An ageing population around the world is one of the reasons the nanotechnology in medical devices market will hit $8.5 billion (£5.7 million) in 2019. This is according to research from market analyst RnRMarketResearch, which claimed that nanotechnology in health is currently valued at around $5 billion, but is expected to grow annually about 12 percent up to 2019. The firm said that nanotechnology is witnessing such fast growth because of an ageing population, along with increased governmental support and higher R&D spending. Active implantable devices accounted for a major share of the nanotechnology-based medical devices the market. The nanotechnology-based medical devices market for active implantable devices is primarily driven by the growing incidence of age-related disorders such as hearing and cardiovascular disorders. In addition, the growing awareness about these diseases and increased acceptance of the hearing aid devices are further driving the market for active implantable devices.

More speed, more comfort: Nanotechnology in sports and leisure. Nanotechnology, as a scientific field which brings together many other disciplines, can indeed contribute to great advances in meeting pressing global needs in energy, the environment and medicine. But it can also help us meet our aspirations. In athletic competition, for instance, nanomaterials can make the difference that wins the Olympic gold, reduce stress on the body, or simply offer athletes and leisure enthusiasts greater comfort and thus more enjoyment. To take an example from cycling, just a few grams of weight saved in a bicycle frame can bring a decisive edge, and thus ever more professional racers and serious amateur cyclists are using graphite frames instead of aluminum. In order to make these sophisticated graphite-polymer composite structures even tougher and more durable, leading-edge bike producers have introduced a new generation of graphite frames based on carbon nanotubes. These super-strong carbon nanotubes can also be found in high-performance tennis racquets which have been on the market in recent years. These racquets are uniquely effective at absorbing the shock when the ball strikes, thus helping to protect the body’s joints.

Another area where nanotechnology has brought significant advances in sports and leisure is in surface coatings, and here nano-optimized coatings have already transformed skiing, aquatic sports and golfing. Thanks to nanotechnology, new-generation ski waxes are more durable and resistant to abrasion, better repel water and enable downhill racers to ski faster. New nanotech-based boat care products use the same principle so that boats can slide through the water faster. Increasingly, high-end kayaks and other such watercraft are being designed and produced with these nanocoatings from the start. On the putting green, new-generation golf balls are being treated with a durable water-repellant nanocoating so that golfers can putt more precisely, even on wet courses. The same treatment also helps provide greater stability for long drives. With leading-edge nanotechnology, sportswear and other textiles can be imparted with valuable self-cleaning, dirt-repellant or antibacterial characteristics. Some of the latest products even soothe the skin or protect it from UV radiation.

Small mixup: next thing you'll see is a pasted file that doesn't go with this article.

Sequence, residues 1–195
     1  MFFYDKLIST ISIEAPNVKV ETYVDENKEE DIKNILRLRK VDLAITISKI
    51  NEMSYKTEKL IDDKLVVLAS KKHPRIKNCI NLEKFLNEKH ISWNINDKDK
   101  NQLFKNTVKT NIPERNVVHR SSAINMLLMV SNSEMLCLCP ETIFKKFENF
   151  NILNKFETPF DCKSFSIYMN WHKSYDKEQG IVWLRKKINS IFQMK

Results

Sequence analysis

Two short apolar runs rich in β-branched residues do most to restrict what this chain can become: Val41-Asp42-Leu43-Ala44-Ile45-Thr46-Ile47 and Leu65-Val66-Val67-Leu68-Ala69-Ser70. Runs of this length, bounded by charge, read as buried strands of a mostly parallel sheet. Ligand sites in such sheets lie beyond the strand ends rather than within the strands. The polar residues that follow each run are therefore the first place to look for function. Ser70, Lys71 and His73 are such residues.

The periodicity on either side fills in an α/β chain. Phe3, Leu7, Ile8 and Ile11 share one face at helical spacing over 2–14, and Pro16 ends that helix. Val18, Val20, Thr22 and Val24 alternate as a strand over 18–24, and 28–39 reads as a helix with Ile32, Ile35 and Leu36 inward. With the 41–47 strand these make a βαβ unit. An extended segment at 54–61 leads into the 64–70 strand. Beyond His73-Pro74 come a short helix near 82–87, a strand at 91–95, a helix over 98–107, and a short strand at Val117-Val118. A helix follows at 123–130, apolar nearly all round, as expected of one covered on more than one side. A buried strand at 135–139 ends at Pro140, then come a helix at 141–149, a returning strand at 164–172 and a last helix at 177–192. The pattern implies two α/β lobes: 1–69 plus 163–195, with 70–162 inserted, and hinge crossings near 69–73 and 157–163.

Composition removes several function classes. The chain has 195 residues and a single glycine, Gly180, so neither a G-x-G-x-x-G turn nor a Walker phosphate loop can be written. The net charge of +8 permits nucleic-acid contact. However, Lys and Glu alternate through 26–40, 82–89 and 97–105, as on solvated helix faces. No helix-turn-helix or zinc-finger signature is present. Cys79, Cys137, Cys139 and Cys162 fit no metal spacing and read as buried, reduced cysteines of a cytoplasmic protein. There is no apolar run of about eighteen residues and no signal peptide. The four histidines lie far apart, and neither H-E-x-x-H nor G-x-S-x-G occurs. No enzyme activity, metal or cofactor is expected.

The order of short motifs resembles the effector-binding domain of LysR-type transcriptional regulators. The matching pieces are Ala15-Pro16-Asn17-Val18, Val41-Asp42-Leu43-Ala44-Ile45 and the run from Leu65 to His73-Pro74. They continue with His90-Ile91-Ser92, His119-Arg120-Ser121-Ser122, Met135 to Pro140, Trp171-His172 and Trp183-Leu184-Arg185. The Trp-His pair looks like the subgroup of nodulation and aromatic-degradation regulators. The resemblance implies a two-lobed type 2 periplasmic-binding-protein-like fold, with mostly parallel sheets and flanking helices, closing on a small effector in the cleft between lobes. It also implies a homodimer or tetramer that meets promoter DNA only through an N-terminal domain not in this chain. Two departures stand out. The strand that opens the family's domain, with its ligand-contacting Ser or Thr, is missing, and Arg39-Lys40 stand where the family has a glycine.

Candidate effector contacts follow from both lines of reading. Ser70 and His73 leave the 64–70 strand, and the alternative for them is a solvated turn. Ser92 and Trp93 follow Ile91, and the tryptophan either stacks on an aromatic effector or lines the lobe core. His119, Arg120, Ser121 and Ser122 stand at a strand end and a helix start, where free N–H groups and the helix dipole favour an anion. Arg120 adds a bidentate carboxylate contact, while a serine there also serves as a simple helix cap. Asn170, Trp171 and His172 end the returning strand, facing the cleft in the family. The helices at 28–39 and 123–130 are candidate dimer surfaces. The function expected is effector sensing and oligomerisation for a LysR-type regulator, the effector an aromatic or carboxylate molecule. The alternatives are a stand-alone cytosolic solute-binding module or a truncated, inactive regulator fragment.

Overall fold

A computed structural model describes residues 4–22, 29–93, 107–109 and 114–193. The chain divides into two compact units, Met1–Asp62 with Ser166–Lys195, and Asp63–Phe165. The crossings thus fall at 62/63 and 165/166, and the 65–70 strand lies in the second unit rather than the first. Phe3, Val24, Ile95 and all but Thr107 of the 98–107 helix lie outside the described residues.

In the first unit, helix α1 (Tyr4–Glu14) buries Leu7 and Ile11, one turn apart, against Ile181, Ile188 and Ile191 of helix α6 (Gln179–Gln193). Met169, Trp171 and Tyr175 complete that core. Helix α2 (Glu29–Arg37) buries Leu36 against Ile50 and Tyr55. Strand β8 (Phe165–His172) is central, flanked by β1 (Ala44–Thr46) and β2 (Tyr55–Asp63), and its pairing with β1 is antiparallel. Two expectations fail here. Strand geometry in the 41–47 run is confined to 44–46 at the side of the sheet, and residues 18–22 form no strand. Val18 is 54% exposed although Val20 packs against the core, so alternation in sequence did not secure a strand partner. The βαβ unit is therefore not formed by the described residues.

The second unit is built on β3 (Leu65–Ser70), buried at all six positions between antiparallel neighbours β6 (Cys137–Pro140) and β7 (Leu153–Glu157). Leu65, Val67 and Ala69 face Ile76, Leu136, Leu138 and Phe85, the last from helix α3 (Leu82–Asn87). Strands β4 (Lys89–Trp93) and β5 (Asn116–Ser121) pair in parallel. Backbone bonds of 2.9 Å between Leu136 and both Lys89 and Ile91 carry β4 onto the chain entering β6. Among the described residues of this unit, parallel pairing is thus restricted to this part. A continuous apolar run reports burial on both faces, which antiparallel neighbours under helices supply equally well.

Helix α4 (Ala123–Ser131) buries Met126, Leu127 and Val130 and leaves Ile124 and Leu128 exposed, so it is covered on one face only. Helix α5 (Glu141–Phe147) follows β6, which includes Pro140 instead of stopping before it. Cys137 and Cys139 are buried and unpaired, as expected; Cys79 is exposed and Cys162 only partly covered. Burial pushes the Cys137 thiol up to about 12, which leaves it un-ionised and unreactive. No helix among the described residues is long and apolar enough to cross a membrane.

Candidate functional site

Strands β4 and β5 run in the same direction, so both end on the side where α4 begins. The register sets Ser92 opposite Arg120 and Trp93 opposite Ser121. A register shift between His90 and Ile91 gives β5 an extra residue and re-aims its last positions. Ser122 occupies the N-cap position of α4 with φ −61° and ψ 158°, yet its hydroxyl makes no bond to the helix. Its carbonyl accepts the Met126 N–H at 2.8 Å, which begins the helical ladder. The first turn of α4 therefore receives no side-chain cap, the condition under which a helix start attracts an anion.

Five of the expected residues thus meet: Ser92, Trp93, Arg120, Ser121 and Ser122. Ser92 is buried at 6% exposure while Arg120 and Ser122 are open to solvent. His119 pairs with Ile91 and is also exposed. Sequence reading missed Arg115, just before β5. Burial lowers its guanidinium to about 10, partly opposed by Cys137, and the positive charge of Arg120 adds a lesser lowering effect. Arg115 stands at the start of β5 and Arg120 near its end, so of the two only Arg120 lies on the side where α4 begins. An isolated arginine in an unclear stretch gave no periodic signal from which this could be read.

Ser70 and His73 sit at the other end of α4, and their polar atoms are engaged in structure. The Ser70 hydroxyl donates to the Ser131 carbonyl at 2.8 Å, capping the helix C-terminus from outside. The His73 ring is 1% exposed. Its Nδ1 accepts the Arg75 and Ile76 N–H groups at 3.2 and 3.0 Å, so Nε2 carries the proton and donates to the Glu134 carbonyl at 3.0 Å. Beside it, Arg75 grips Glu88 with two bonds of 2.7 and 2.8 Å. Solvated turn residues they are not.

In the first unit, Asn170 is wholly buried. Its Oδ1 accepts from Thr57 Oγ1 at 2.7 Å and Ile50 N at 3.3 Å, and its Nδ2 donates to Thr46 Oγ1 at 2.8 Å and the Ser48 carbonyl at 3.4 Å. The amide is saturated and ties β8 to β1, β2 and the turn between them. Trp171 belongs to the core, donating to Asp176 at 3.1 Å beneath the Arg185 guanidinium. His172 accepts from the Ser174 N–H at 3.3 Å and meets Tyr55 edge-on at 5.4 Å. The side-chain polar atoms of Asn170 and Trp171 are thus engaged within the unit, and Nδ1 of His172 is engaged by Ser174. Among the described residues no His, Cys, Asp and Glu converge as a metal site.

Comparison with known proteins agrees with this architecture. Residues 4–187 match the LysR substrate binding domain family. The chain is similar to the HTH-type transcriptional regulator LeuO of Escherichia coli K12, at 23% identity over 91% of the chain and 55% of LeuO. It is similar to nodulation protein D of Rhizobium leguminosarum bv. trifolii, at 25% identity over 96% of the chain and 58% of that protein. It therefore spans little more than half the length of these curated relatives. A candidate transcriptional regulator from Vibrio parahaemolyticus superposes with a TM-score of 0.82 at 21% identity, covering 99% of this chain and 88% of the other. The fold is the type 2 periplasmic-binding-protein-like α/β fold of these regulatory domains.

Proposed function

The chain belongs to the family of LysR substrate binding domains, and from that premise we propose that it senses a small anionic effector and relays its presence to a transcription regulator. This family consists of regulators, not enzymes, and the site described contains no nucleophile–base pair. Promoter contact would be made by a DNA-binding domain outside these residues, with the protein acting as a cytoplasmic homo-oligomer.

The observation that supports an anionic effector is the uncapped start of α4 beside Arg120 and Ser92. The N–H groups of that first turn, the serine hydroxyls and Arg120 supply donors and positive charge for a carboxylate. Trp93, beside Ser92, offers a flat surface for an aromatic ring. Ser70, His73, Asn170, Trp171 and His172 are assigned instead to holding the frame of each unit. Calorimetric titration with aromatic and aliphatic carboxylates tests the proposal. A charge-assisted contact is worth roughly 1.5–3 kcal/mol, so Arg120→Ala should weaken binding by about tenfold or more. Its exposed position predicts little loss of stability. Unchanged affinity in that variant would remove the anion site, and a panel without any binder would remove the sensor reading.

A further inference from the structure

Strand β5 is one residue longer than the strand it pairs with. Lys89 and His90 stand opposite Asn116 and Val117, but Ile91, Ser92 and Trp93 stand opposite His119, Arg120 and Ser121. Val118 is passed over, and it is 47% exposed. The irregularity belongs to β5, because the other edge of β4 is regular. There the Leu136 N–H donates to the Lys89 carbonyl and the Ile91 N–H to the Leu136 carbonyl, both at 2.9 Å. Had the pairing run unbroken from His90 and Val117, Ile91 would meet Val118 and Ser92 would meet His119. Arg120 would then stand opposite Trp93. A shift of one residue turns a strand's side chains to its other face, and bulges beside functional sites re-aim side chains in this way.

Better security: Fighting crime with nanotechnology. According to expert estimates, some ten percent of all goods traded globally are counterfeit. Counterfeiting is not only a crime which costs law-abiding companies some EUR 200 billion each year; it also presents serious risks to consumers. Nanotechnology can help in the global war against the counterfeiters – for example, with fluorescent nanoparticles which are only visible under ultraviolent or infrared light. This new nanodot technology enables products to be authenticated and thus protected. Nano-watermarks and other nano-optical security features work similarly.

Another area where nanotechnology can make our lives safer is with nanosensors for use in airports or public buildings to automatically detect explosives or metal objects in baggage, or to detect the presence of explosives by sampling the air. The same applies to the optical sensors used in security camera to monitor airports, harbors, industrial facilities and public places, enabling these to “see” even under poor visibility conditions. In yet another area of public safety, nanotechnology will help police and rescue services to better protect us in the future by providing them with textiles which resist bullets and punctures, as well as materials which are better able to withstand explosions.

[Sources: www.techweekeurope.co.uk/